‘When used in the right way and for the right use case, Kafka has unique attributes that make it a highly attractive option for data integration.
Apache Kafka is creating a lot of buzz these days. While LinkedIn, where Kafka was founded, is the most well known user, there are many companies successfully using this technology.
So now that the word is out, it seems the world wants to know: What does it do? Why does everyone want to use it? How is it better than existing solutions? Do the benefits justify replacing existing systems and infrastructure?
In this post, we’ll try to answers those questions. We’ll begin by briefly introducing Kafka, and then demonstrate some of Kafka’s unique features by walking through an example scenario. We’ll also cover some additional use cases and also compare Kafka to existing solutions.
What is Kafka?
Kafka is one of those systems that is very simple to describe at a high level, but has an incredible depth of technical detail when you dig deeper. The Kafka documentation does an excellent job of explaining the many design and implementation subtleties in the system, so we will not attempt to explain them all here. In summary, Kafka is a distributed publish-subscribe messaging system that is designed to be fast, scalable, and durable.
Like many publish-subscribe messaging systems, Kafka maintains feeds of messages in topics. Producers write data to topics and consumers read from topics. Since Kafka is a distributed system, topics are partitioned and replicated across multiple nodes.
Messages are simply byte arrays and the developers can use them to store any object in any format – with String, JSON, and Avro the most common. It is possible to attach a key to each message, in which case the producer guarantees that all messages with the same key will arrive to the same partition. When consuming from a topic, it is possible to configure a consumer group with multiple consumers. Each consumer in a consumer group will read messages from a unique subset of partitions in each topic they subscribe to, so each message is delivered to one consumer in the group, and all messages with the same key arrive at the same consumer.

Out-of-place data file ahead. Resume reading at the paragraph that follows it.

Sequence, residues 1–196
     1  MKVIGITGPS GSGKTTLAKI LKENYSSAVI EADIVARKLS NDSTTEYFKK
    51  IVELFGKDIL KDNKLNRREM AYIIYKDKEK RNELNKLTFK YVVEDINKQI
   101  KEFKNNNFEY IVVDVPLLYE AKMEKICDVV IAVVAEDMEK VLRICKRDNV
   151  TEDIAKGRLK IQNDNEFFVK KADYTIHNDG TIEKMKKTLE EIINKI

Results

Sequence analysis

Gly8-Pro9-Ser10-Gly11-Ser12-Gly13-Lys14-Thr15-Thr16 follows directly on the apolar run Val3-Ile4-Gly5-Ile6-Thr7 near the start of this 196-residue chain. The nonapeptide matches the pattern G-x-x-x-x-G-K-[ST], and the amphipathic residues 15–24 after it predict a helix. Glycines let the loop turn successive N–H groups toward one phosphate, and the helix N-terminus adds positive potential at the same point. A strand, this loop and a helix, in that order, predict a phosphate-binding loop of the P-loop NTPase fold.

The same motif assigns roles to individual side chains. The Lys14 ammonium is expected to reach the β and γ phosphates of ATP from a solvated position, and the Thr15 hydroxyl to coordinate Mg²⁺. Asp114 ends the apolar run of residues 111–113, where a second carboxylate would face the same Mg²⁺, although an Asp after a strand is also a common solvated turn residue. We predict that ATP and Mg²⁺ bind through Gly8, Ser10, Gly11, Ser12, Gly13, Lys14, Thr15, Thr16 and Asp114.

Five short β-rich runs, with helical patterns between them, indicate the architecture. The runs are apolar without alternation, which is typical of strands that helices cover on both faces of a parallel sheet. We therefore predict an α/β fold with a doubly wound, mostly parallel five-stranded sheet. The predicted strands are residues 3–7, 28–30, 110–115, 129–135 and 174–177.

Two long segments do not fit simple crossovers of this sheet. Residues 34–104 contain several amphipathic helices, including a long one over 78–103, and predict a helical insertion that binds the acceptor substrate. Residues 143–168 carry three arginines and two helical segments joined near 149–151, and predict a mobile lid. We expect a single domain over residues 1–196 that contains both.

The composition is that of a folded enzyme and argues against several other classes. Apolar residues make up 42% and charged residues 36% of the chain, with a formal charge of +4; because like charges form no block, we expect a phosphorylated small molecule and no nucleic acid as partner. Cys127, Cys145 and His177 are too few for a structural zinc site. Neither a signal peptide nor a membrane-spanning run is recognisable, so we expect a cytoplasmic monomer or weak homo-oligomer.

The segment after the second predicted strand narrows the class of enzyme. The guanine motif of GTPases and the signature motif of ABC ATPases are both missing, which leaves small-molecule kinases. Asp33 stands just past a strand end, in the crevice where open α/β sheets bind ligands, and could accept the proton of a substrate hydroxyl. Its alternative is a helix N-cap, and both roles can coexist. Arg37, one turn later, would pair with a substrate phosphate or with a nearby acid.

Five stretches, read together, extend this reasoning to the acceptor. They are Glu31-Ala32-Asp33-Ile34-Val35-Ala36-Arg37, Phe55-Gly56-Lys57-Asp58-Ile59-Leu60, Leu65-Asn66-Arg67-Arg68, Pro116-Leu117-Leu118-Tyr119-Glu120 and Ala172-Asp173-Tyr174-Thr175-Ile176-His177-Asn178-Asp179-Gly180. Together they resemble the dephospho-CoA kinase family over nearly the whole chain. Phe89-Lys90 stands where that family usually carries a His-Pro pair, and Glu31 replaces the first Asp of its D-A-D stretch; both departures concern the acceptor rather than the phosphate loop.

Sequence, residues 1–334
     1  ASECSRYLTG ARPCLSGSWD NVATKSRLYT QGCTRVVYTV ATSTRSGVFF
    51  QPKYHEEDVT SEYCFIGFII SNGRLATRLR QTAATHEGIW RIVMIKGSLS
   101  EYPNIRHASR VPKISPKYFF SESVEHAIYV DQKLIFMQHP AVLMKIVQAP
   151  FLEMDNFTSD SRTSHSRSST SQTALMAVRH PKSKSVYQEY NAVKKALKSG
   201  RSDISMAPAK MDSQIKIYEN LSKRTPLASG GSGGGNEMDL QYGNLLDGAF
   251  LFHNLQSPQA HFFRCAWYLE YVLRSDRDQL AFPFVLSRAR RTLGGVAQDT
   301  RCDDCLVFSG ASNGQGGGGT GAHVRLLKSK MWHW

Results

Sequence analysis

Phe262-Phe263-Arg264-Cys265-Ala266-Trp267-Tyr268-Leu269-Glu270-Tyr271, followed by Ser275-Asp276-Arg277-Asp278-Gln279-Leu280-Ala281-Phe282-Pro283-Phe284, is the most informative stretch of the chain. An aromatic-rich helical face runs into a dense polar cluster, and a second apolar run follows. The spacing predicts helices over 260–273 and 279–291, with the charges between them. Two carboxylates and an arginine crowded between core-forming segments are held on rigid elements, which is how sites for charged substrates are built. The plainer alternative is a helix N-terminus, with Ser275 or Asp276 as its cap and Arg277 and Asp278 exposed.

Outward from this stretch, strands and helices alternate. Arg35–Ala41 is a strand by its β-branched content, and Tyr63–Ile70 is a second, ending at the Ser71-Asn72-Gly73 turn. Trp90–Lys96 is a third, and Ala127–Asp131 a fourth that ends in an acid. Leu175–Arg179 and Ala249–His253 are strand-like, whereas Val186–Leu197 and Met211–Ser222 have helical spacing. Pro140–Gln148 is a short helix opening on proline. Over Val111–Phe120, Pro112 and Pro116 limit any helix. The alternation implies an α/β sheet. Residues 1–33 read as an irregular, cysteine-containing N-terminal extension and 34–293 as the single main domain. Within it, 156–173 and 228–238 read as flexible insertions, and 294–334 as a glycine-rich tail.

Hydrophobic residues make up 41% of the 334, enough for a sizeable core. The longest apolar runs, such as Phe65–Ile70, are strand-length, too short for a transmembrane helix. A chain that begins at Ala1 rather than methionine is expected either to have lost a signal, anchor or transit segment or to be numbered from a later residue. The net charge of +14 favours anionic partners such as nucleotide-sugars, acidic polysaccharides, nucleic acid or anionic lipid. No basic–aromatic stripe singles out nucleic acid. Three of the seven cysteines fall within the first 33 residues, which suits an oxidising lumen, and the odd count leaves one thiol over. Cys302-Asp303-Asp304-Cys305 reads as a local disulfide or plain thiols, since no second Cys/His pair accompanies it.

What makes Kafka unique is that Kafka treats each topic partition as a log (an ordered set of messages). Each message in a partition is assigned a unique offset. Kafka does not attempt to track which messages were read by each consumer and only retain unread messages; rather, Kafka retains all messages for a set amount of time, and consumers are responsible to track their location in each log. Consequently, Kafka can support a large number of consumers and retain large amounts of data with very little overhead.
Next, let’s look at how Kafka’s unique properties are applied in a specific use case.
Kafka at Work
Suppose we are developing a massive multiplayer online game. In these games, players cooperate and compete with each other in a virtual world. Often players trade with each other, exchanging game items and money, so as game developers it is important to make sure players don’t cheat: Trades will be flagged if the trade amount is significantly larger than normal for the player and if the IP the player is logged in with is different than the IP used for the last 20 games. In addition to flagging trades in real-time, we also want to load the data to Apache Hadoop, where our data scientists can use it to train and test new algorithms.[…]’ Read full article
By Gwen Shapira & Jeff Holoman Source:cloudera.com